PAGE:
Unconscious disability bias at my garden centre

When well meaning needs to go one step further

Enjoying your outing for the day are we?

This was a question I was asked when at my local garden centre recently. One small comment but one huge indictment on society’s perceptions of disability.   The guy seemed nice enough, displaying well maintained teeth in his wide, jovial smile, just another customer like me. Unlike me he wasn’t in a wheelchair, and neither was my companion, who didn’t get asked if she was enjoying a nice day out.  

On a ranking of awful things to say to someone this barely makes a mark in the thoughtful-to-heinous greetings scale but two things really bothered me about this question:

  • The always annoying use of the collective ‘we’ when being asked a question about ‘me’  ( this is a general habit some people have to anyone that I find irritating – excuse my pettiness ).
  • The obvious inference that because I was in a wheelchair my daily outings peaked at buying worms and top soil and how lucky was I?

And this type of well intentioned comment is the perfect example of an unconscious bias towards those with a disability and what it means to be disabled.

How should we respond to unconscious bias?

So a misguided nice guy with either a conscious or unconscious disability bias saw me as inferior and unequal. Not through malice but most probably through lack of association with a person in a wheelchair or perhaps anyone with any form of disability. I get it, I haven’t always lived around disability and without that exposure it can feel uncomfortable and confusing to know the right thing to say.   

But the right thing to say is as simple as employing, as part of your natural way of being, an old gold piece of sage wisdom: treat others as you would like to be treated. In other words, we are all equal and should engage with each other as such.  And this doesn’t just work for interactions with a disabled person of course. We can inadvertently patronise an older person or someone from a different cultural or socio-economic  background – this is also casual or unconscious bias.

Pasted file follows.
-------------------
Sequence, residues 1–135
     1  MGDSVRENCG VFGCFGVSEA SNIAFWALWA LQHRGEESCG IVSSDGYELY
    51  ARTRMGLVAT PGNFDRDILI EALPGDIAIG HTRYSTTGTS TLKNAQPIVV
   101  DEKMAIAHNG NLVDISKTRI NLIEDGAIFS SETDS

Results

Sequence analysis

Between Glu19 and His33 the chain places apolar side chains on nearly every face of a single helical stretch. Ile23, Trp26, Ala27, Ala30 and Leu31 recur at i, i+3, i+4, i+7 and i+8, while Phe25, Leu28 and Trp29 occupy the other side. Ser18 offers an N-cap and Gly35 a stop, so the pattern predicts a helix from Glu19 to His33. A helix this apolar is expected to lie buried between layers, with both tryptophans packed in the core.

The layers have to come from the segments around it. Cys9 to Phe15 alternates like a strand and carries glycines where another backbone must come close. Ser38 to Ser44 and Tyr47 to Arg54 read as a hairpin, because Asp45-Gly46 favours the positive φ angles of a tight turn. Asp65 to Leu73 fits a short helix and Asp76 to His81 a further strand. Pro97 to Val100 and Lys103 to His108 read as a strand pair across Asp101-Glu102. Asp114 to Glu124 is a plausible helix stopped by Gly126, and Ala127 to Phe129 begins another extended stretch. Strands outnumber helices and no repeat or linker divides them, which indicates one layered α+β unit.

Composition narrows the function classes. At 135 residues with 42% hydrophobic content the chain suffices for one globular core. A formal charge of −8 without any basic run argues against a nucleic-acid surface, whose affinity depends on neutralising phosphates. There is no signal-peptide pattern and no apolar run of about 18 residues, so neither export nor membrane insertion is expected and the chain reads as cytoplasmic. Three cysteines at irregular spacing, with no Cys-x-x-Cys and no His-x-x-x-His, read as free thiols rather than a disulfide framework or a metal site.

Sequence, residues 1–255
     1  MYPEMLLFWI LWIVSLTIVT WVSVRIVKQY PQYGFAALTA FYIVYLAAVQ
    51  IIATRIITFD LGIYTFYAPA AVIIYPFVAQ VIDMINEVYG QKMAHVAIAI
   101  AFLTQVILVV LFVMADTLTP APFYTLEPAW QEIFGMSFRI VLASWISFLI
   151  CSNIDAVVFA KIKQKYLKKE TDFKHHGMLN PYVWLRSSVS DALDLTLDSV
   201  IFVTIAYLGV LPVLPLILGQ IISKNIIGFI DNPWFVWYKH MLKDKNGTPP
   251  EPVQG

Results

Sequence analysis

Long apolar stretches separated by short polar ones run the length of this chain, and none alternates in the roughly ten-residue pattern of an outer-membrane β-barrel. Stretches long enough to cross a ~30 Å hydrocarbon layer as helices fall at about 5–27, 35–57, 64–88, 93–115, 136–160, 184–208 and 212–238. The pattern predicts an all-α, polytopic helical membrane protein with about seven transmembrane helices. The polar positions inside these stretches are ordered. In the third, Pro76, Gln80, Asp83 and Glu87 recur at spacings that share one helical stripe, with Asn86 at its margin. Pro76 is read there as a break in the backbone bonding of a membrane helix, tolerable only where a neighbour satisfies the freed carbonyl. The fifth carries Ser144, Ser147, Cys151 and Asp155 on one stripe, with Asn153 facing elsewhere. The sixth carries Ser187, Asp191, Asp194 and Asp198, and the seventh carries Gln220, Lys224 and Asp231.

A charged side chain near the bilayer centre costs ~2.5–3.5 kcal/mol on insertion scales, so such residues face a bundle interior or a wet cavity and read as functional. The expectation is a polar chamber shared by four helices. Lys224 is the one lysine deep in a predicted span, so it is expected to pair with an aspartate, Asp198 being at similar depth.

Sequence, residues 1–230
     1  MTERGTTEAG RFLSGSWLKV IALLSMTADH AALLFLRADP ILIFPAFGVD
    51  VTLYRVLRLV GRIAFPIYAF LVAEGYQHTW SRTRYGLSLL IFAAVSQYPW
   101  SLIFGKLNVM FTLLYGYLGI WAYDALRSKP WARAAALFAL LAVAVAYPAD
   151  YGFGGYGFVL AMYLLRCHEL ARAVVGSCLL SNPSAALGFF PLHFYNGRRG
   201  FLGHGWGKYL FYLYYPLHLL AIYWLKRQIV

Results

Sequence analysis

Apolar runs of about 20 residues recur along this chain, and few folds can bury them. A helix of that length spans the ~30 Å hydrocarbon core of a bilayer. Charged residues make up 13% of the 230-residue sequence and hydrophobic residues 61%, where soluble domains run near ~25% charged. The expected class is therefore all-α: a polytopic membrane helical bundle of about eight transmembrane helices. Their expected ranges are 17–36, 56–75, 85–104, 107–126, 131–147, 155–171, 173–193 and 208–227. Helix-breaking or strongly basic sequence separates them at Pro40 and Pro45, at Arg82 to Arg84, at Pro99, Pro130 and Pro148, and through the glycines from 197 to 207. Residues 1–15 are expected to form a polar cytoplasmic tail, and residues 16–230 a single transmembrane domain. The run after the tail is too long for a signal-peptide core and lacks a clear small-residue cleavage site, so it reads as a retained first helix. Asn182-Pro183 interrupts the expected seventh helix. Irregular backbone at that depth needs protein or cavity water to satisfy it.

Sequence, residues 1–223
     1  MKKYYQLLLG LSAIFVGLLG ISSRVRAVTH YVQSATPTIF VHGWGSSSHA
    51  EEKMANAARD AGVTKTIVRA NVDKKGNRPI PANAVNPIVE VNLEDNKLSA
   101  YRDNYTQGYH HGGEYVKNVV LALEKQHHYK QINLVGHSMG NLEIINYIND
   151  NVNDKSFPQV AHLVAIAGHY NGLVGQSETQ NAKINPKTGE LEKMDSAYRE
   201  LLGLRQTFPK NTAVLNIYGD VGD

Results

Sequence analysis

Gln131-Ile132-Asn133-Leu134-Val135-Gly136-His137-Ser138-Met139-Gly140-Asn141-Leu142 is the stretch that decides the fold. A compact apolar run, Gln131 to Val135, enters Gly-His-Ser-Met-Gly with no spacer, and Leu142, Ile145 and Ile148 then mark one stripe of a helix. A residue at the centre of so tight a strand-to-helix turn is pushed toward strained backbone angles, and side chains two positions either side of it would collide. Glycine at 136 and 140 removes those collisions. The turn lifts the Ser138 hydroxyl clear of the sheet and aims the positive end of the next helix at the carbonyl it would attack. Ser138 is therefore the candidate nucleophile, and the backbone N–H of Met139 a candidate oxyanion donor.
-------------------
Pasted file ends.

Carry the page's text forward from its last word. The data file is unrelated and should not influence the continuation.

So. Let’s. Just. Not.       

This is why I, and thousands of others advocate for a disability inclusive society. And this is why even when I feel self-conscious or that I am being bothersome I want to make sure that I am able to access the things that I want to. And be seen by, and engage with, as many people as possible doing those things.

I, like us all, can, and do, add value to our communities and families.  A simple remark like that of my fellow garden lover really does indicate a certain level of disrespect. To ameliorate this thought pattern through our community I aim to talk to, and reach as many people as possible, to inform and share and discuss my experiences, learnings and research.

In this way structural and attitudinal changes will continue to be made and we can, in all our shapes, sizes, colours, genders and abilities be truly and respectfully integrated. Until then you may see me at uni or the theatre, enjoying a meal out or at the market.  

change well meaning unsconcsious bias towards disability

Of course I may also just be waiting for my special thirty minutes amongst the compost.  

Take care and all the best for the holiday season.

Leanne signature

2 thoughts on “Unconscious disability bias at my garden centre

  1. alibaba735 says:

    This is a good article about the position of disabled people in our society.

    If someone asks, “How are we doing?” just say,”How did you know that I have a multiple personality disorder?”

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